"Mostly, they are just trying to implement a similar level of cybersecurity in their industrial environment that they may already have in their IT environment."
To get the private sector to spend more, Coleman suggested the government give security clearance to CSOs and CISOs, so they can examine the cyberattack intelligence to determine the risk it poses to their companies.
"Because they're not cleared, they do not understand the threat," he said.
Utilities and manufacturers are hesitant because of the enormous expense of replacing or upgrading security technology built into their infrastructure, Eric Cosman, co-chair of the Chemical Sector Cybersecurity Program at the International Society of Automation, said.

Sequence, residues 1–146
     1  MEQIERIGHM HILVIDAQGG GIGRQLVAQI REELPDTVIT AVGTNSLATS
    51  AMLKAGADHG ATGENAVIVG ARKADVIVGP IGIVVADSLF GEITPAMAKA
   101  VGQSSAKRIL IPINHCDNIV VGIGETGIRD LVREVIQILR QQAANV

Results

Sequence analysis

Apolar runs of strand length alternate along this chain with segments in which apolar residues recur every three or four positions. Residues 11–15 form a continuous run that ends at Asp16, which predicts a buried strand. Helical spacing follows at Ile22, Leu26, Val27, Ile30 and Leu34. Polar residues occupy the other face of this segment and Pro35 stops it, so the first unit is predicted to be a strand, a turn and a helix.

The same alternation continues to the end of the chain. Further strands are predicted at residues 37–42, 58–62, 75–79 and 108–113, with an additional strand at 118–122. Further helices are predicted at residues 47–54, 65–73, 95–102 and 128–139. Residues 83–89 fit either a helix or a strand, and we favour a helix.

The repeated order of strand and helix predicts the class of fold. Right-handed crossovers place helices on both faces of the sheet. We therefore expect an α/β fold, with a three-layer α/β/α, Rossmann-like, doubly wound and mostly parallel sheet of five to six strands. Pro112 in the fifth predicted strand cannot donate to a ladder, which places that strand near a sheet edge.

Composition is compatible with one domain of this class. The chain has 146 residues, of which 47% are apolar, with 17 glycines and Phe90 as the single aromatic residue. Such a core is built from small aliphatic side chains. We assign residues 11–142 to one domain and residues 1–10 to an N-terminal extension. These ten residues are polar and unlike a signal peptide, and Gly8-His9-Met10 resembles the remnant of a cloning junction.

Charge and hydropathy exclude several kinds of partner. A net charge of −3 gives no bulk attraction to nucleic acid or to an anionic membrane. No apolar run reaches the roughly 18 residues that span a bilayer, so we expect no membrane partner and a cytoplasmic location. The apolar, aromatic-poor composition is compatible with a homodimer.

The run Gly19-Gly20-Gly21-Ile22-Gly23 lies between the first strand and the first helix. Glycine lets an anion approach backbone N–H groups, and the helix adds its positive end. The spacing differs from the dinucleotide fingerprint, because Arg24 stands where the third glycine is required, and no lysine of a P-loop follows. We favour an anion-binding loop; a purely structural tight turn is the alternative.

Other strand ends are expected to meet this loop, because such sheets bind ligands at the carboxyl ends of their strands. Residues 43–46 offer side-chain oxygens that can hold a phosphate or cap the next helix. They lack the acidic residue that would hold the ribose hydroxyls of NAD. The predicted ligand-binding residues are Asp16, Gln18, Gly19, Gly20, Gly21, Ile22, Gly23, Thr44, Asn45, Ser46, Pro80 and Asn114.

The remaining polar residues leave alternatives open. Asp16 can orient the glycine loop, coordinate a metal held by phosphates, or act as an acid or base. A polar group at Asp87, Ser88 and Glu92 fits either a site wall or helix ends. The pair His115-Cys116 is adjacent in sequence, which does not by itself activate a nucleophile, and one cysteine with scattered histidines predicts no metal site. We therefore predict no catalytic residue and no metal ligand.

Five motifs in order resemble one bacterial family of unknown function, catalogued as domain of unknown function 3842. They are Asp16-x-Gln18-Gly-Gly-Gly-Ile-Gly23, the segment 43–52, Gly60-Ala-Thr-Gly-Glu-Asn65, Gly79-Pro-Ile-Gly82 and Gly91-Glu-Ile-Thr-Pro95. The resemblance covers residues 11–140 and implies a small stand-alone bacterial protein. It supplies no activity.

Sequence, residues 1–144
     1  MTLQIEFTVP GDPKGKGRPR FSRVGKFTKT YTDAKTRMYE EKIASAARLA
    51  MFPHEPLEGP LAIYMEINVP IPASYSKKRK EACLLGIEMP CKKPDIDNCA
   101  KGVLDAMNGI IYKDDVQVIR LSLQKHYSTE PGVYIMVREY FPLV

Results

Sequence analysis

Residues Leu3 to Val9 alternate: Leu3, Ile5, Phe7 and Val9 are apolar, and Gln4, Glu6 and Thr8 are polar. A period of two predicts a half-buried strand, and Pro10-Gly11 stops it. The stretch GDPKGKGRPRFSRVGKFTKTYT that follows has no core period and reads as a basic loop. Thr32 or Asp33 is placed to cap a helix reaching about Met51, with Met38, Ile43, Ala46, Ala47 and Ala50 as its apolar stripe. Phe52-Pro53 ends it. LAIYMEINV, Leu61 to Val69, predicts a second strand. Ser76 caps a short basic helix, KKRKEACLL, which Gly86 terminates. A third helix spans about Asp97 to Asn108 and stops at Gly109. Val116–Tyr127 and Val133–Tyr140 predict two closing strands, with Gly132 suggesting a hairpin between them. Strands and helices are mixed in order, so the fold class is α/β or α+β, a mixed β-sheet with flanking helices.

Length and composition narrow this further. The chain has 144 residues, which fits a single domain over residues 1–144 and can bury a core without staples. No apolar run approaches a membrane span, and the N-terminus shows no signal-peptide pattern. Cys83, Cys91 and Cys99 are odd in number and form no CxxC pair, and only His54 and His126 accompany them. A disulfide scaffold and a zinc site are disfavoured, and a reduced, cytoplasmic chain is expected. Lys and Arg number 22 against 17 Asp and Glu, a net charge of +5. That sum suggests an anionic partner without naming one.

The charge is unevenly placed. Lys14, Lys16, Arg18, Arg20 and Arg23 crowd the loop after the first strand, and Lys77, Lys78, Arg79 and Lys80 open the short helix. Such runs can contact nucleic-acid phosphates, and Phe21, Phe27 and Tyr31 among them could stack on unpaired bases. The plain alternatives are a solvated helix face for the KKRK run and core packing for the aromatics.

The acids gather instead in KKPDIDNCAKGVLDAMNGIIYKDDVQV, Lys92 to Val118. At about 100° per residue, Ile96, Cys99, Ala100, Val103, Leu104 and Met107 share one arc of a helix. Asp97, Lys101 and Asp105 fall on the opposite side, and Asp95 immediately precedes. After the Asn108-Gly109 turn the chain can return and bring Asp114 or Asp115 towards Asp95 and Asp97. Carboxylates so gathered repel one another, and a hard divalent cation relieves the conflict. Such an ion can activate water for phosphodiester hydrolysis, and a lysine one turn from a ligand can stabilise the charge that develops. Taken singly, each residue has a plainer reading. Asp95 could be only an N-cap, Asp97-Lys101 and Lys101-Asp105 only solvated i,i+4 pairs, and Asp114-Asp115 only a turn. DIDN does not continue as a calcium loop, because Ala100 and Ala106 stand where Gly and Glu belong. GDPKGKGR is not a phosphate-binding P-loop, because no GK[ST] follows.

"If the IT and the physical components are highly integrated then it may not be possible to replace one without the other," Cosman said.
Industries are still working on finding a way to separate security systems, so they can be updated "without requiring total system replacement," he said.
In Gilsinn's opinion, the term cyberwarfare is more useful to the Defense Department and other organizations hoping to convince Congress to send more money their way.
"Cybersecurity is definitely sexy at the moment, and government agencies and (defense) contractors are all trying to figure out how to get as much of the budget pot as they can," Gilsinn said.
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